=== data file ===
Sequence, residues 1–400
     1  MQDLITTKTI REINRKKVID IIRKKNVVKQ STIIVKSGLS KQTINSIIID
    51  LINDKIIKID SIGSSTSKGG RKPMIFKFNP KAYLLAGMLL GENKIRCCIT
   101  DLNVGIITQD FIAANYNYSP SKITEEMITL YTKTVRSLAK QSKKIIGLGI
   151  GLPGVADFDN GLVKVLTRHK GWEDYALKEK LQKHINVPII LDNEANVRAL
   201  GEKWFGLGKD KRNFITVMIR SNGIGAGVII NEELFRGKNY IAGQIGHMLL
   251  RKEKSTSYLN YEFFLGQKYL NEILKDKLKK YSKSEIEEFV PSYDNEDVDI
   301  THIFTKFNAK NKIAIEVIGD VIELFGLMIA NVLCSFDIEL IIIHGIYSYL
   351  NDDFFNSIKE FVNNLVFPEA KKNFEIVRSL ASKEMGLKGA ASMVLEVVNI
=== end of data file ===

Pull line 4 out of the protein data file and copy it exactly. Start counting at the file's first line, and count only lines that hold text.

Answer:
   101  DLNVGIITQD FIAANYNYSP SKITEEMITL YTKTVRSLAK QSKKIIGLGI